After sun stars
Save your skin with aloe vera and nettleWhen summer arrives, we enjoy the long-awaited sensation of warm sunshine on our skin – although we know that it’s best only in moderation. If you have been in the sun too long, plant power can come to the rescue: aloe vera gel and nettle extract provide skin that has seen a little bit too much sunshine with soothing care. Why are these two plants so good for our skin and what can we learn from them?
Aloe veraAloe vera (Latin name: Aloe barbadensis) is a true survivor. This succulent of the lily family thrives in the otherwise hostile deserts of North Africa and Sudan, for example. With its thick, watery leaves it is a total contrast to its dry, warm habitat. Aloe vera offers hydrating care for skin, protects against dryness and rebalances.
The power of aloe vera rests within its leathery, pointed leaves. Its leaves, which have short, jagged tooth-like edges, are composed of three layers. The inner, thickest layer consists of a colourless gel. It is sterile, pH-neutral, soothing and cooling to the skin. When the skin loses its healthy moisture balance in extreme heat, aloe vera proves itself to be a master at restoring the skin’s natural balanced state. Water alone could not achieve this, for it would cause the skin to swell and then ultimately dry out.
In order to obtain the valuable gel of organically grown aloe vera for our Weleda After Sun Lotion, the outer layer of the harvested leaves is first peeled off, as it contains substances that could potentially prove irritating. Only the inner fillet of gel is processed, which is pressed and filtered. In our After Sun Lotion, aloe vera gel provides a pleasant cooling effect and restores the skin’s natural moisture balance after sunbathing.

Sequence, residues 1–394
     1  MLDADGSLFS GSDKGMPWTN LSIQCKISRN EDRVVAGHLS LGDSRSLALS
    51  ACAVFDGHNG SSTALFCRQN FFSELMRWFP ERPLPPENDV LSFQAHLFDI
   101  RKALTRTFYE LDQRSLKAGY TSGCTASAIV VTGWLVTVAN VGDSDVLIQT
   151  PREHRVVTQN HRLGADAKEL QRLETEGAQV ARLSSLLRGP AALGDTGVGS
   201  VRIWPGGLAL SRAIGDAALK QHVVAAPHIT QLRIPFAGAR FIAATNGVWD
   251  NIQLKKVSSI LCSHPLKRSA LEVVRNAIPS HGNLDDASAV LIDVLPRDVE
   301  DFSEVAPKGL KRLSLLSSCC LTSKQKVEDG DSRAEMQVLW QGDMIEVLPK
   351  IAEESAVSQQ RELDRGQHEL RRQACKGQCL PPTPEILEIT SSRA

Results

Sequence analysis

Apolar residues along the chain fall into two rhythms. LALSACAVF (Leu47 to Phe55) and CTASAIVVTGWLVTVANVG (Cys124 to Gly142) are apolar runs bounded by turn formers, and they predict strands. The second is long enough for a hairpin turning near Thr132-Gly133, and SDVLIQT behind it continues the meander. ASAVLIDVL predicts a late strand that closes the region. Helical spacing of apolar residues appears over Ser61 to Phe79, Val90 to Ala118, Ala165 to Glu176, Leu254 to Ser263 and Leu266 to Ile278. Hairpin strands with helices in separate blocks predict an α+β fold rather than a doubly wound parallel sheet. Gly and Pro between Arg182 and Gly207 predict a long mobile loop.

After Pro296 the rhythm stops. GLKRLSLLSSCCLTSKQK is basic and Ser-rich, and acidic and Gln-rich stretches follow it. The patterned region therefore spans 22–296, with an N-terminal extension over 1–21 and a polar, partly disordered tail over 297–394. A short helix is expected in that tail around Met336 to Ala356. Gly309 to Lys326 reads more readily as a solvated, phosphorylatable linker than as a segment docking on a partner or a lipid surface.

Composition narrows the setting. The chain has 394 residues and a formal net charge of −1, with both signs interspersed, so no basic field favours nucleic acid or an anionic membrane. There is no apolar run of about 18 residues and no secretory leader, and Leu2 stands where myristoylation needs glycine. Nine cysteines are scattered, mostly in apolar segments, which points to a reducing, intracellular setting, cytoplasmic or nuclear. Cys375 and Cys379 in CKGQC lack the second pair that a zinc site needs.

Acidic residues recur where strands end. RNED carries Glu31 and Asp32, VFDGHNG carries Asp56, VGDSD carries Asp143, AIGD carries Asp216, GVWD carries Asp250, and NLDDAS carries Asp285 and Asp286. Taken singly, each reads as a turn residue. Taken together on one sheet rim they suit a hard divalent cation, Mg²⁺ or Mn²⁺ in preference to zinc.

Small nettleMany people are already familiar with the unpleasant stinging sensation caused by touching the hairs of the small nettle (Latin name: Urtica urens) and its cousin, the large stinging nettle (Latin name: Urtica dioica). And yet it is this very same small nettle, an otherwise inconspicuous plant that grows in gardens and meadows, which can help us, if our skin has been exposed to too much sun or tormented by insect bites. In order to understand the benefits of the small nettle, it’s best to compare it with the large nettle. The small nettle, an annual plant that grows to a height of only 50cm, surprisingly stings much more than its larger cousin. Every plant has both male stamens and female pistils. It carries both separately – the female flowers at the top and the male flowers below – but usually they do not bloom at the same time.
The large nettle, on the other hand, grows up to two metres high and is perennial, spreading with the help of its extensive underground root network. There is a clear difference between the male plants, with stamens, and female plants, where the fruits grow.
A comparison of these two species reveals that everything is much more concentrated and condensed in the small nettle than in the large nettle.